needs to get away, she uses basketball as an escape.
The game has been an important part of her youth.
"I don't know where I'd be without playing basketball," Messer said.
The Lakeside (Evans, Ga.)
sophomore recently wrapped up her second year starting for the Panthers. It was her best season so far. She started out the season on fire, averaging 12.9 points in the first seven games but then injuries hampered her. Despite missing eight games due to sprains in both her ankles, Messer finished with 8.2 points and 2.8 rebounds per game.
Messer was a big reason why the Lakeside squad finished with a winning record for the first time in a number of years.
"I think she has progressed a lot on and off the court," Lakeside girls basketball coach Antwann Glover said. "I think the biggest thing with her is her basketball IQ is increasing. She has put in a tremendous amount of work in the offseason as well and she's lifting more, she's getting stronger. With her coming along and putting more time in the weight room and things like that, she's improving speed wise and her body's developing and just overall basketball IQ."
After getting thrown into the varsity starting lineup as a freshman – which she called nerve-wracking – Messer really settled in as a player.
"She made a lot of mistakes but her will to want to get better and want to show up early, never missing practice, no workouts," Glover said. "Actually, last year as a freshman she hit a very big shot for us, a game-winner against a rival school and the gym was packed. She was ready to take the shot and hit it. Since then I think that's given her the confidence that she's a varsity player and she can play at that level."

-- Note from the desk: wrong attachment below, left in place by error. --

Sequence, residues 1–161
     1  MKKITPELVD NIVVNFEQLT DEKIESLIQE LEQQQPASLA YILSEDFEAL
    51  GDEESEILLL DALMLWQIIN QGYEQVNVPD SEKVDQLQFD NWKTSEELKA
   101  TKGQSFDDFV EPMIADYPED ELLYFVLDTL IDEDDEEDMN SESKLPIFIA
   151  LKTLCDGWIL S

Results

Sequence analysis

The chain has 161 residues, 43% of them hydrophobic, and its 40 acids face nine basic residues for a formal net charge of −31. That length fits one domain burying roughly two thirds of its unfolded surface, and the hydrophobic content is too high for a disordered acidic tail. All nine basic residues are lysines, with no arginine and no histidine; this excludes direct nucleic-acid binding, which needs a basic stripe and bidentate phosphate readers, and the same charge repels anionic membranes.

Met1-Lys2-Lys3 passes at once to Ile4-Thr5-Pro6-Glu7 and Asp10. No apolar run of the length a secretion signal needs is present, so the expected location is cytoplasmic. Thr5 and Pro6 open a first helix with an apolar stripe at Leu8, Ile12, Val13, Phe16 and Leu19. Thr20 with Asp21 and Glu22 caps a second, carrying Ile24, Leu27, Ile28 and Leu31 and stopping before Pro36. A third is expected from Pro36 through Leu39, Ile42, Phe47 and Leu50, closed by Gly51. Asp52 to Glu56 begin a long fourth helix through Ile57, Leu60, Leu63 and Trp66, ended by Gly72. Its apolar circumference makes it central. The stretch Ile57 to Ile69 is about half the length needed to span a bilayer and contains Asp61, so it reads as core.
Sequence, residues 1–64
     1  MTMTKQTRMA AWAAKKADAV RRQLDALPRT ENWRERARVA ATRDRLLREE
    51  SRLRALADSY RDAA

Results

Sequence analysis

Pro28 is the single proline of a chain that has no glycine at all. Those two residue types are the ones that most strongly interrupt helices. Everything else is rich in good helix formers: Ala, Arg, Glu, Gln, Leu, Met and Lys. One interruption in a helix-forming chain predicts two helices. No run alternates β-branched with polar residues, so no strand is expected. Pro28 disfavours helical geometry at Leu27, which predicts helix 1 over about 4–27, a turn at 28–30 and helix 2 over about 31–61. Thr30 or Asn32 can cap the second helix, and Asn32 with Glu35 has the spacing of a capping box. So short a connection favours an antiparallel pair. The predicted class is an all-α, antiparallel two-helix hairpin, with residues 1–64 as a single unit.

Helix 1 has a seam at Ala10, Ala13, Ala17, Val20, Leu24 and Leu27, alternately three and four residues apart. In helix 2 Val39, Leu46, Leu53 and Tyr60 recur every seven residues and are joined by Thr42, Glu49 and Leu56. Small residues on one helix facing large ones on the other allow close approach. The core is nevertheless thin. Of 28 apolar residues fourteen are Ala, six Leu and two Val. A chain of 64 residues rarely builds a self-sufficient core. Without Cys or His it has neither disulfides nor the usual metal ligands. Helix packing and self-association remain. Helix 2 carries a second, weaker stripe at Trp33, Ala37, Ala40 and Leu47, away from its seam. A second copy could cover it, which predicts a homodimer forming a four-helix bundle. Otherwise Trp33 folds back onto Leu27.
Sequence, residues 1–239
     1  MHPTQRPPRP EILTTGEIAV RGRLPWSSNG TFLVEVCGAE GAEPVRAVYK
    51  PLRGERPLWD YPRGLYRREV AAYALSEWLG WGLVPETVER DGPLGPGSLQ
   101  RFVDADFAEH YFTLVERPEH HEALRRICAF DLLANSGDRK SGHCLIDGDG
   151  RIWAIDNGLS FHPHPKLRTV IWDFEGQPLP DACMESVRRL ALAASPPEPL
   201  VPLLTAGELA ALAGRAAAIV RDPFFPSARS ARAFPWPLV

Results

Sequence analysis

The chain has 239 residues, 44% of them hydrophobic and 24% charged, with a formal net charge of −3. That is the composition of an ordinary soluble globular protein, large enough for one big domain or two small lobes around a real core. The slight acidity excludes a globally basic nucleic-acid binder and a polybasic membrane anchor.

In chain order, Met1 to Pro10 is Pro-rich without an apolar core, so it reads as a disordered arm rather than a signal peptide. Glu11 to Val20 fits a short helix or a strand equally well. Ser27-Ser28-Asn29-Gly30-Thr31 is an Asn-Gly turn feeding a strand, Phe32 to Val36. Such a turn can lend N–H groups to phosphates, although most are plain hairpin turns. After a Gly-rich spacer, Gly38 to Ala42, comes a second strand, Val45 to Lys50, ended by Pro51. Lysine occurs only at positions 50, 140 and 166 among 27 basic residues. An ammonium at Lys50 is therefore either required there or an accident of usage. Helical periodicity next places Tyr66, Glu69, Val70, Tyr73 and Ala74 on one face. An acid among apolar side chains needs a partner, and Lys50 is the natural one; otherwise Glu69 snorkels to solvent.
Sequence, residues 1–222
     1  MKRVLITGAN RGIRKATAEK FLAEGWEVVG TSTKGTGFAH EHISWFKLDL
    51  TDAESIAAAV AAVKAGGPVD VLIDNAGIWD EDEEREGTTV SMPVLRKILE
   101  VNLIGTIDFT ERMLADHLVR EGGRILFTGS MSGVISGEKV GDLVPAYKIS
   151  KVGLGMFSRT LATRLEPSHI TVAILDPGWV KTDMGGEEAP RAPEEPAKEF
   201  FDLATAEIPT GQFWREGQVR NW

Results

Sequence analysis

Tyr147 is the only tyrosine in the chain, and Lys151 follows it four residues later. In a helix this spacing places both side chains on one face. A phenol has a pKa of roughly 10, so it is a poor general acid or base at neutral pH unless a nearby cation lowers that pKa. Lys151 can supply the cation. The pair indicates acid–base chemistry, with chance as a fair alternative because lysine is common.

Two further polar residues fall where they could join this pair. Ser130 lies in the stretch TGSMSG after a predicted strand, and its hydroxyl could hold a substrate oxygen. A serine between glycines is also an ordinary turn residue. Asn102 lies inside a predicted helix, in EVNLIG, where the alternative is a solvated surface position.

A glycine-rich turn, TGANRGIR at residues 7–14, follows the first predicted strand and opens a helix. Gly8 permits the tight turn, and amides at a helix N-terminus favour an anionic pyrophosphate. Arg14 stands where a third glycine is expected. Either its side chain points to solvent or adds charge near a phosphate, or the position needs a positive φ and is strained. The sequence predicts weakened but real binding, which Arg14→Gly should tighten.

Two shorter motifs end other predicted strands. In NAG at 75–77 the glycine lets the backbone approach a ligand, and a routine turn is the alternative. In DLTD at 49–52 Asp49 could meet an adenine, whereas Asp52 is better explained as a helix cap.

Messer primarily plays shooting guard/small forward, but her coach moved her around this season. With one of Lakeside's bigs injured all year, Messer – who is 5-foot-9 – got into the paint and mixed it up with the trees. She held her own.
Known for her outside game, Messer tried to expand her offensive capabilities and make herself multi-dimensional.
"Recently, I've been able to like start to drive off the dribble, but I need to work on that a lot," said Messer, who plays AAU ball for Pro Vision Elite out of Augusta, Ga. "During the season, I shot a lot and then I started to get down in the post some, too, but it was mostly shooting."
Glover believes Messer has the potential to play college basketball but there are a number of areas in her game she needs to work on in the next two years. Glover has been working with her on such things as putting the ball on the floor and help defense.
"That would be amazing to play basketball in college," said Messer, who would like to become a physical therapist. "That's like the dream, scholarships. My grades, I could really go anywhere but I couldn't play everywhere."
Yes, grades are a big thing for Messer.
She's a perfect 4.0 grade point average student. Doing well in the classroom is paramount.
"It's hard to balance sometimes but you've got to stay up late and drink a lot of coffee," she joked.
Glover sees Messer as a determined student-athlete who doesn't lose her intensity once she steps away from the court.
"I think she carries that same thing of just wanting to be the best," Glover said. "You don't see a lot of young athletes, a lot of young students that want to be the best that they possibly can be. I think she's a person that's in competition with herself. She's not looking around at others, she just wants to be the best that she can be."
Messer, who turned 16 on March 25, keeps busy in school clubs. She's a member of Fellowship of Christian Athletes, Beta Club and National Honor Society. Next year as a junior, she'll be able to be in Link Crew where upperclassmen are assigned freshman early in the school year to help them transition smoothly into high school.
Away from school, Messer teaches preschool at her church on Sundays. She also takes part in various volunteer activities in her community. With her basketball team, Messer has gone to the local Ronald McDonald House to decorate for Christmas. From time to time, she will frequent a soup kitchen and make bags of food for the less fortunate.
"It feels good because I know that, I wouldn't say we're rich but we have money so we can like bring food to the table and stuff like that so I don't have to worry about, am I going to have food tonight?" Messer said. "So, making bags of food for them, knowing that they're not going to have to worry about it for at least that night is really good."
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